The encryption algorithm is the function, usually with some mathematical foundations, which performs the task of encrypting and decrypting your data.
Encryption keys are used by the encryption algorithm to determine how data is encrypted or decrypted. Keys are similar to computer passwords: when a piece of information is encrypted, you need to specify the correct key to access it again. But unlike a password program, an encryption program doesn't compare the key you provide with the key you originally used to encrypt the file, and grant you access if the two keys match. Instead, an encryption program uses your key to transform the ciphertext back into the plaintext. If you provide the correct key, you get back your original message. If you try to decrypt a file with the wrong key, you get garbage.
 Of course, we are assuming that your original message wasn't garbage, too. Otherwise, everything you would decrypt would probably appear as garbage!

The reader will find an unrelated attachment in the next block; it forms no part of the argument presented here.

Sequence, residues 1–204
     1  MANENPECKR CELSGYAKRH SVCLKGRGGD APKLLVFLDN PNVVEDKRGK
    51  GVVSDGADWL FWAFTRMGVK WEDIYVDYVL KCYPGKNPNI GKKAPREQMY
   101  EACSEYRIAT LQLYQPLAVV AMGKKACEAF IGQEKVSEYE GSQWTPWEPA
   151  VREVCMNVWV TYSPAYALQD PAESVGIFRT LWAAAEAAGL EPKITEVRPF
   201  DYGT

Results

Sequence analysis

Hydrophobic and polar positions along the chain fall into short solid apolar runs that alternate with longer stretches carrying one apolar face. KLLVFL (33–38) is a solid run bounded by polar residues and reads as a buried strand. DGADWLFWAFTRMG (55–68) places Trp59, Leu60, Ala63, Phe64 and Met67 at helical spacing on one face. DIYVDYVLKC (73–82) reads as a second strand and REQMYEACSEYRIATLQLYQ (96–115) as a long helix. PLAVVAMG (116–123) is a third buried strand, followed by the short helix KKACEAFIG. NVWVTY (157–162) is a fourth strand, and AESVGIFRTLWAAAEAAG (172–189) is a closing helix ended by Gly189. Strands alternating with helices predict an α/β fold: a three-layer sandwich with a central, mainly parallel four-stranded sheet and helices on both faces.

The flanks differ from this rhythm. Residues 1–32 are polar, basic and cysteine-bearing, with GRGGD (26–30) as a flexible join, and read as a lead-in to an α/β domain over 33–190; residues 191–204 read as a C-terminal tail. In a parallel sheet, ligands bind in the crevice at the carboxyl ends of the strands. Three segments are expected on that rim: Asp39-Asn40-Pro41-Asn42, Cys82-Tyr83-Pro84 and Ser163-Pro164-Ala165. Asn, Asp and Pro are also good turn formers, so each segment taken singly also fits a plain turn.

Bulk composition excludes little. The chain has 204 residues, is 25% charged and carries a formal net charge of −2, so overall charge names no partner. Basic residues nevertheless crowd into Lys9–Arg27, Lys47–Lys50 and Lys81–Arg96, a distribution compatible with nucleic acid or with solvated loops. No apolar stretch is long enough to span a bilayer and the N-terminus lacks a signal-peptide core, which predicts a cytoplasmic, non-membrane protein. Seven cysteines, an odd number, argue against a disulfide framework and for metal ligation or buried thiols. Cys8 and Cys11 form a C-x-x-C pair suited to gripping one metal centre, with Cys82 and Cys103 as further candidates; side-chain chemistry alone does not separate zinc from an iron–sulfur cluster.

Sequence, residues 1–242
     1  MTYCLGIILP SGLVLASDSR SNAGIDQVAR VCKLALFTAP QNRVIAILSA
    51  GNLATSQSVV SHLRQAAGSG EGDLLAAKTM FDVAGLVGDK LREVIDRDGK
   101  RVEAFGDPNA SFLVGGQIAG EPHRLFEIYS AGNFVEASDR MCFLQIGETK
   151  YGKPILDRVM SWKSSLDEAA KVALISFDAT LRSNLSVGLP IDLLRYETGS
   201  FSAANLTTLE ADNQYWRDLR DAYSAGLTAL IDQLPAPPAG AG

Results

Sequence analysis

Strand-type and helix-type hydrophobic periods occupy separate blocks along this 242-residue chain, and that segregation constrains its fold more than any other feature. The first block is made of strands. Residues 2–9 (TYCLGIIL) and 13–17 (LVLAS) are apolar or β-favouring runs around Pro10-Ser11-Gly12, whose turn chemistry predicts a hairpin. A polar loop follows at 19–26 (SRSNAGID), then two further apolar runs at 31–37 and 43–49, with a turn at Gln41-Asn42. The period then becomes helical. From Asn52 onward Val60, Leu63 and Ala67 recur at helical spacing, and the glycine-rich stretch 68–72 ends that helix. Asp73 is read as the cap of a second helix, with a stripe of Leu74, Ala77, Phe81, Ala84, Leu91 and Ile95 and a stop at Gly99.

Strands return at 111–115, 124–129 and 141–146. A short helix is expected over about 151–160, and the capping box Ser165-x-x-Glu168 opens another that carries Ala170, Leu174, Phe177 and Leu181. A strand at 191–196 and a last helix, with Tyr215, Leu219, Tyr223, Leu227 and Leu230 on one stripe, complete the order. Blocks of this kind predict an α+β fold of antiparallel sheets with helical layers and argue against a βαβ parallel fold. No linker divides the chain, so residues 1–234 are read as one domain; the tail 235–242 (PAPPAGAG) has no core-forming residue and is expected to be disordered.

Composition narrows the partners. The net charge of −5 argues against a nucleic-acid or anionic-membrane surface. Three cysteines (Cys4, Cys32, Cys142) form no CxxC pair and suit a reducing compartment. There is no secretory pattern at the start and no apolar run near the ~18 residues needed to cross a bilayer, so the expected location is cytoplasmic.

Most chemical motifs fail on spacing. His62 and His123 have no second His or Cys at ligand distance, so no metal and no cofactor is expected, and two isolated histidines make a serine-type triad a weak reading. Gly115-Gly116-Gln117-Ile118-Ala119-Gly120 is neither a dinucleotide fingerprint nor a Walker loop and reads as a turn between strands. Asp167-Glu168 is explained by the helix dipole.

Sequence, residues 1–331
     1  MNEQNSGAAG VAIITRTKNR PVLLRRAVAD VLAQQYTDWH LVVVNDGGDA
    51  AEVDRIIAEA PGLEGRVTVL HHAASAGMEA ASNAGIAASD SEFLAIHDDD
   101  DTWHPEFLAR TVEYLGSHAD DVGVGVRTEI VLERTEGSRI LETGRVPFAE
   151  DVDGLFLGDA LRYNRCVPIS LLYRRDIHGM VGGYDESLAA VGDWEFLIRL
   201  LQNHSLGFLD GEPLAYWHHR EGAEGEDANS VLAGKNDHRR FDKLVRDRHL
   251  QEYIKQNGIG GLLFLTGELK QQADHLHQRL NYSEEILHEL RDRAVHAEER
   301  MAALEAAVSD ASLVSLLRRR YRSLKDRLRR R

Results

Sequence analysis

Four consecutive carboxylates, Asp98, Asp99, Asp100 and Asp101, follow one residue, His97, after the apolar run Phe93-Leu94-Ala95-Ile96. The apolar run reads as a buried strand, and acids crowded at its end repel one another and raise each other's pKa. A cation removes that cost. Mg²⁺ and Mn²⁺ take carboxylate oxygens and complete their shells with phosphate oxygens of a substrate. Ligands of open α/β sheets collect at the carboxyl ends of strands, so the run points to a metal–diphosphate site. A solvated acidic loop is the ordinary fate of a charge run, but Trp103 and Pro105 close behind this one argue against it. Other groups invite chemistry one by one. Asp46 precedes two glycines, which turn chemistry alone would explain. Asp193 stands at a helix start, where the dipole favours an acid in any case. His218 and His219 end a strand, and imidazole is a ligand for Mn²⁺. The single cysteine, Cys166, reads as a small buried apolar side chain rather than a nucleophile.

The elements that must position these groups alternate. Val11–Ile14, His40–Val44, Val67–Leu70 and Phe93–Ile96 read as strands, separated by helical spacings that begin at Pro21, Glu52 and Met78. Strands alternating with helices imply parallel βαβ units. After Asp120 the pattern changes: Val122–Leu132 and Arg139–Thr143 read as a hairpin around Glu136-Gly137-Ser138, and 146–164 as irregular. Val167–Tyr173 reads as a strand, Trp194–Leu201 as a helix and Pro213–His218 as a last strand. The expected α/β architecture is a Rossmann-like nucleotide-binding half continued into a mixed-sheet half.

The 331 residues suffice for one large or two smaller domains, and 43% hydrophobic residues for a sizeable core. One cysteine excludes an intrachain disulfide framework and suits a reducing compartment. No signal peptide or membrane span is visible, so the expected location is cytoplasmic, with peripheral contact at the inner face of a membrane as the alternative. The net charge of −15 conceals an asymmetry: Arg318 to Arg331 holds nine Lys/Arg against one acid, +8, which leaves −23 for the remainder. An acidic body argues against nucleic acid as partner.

As with passwords, encryption keys have a predetermined length. Longer keys are more difficult for an attacker to guess than shorter ones because there are more of them to try in a brute-force attack. Different encryption systems allow you to use keys of different lengths; some allow you to use variable-length keys.
The information which you wish to encrypt.
Different forms of cryptography are not equal. Some systems are easily circumvented, or broken. Others are quite resistant to even the most determined attack. The ability of a cryptographic system to protect information from attack is called its strength. Strength depends on many factors, including: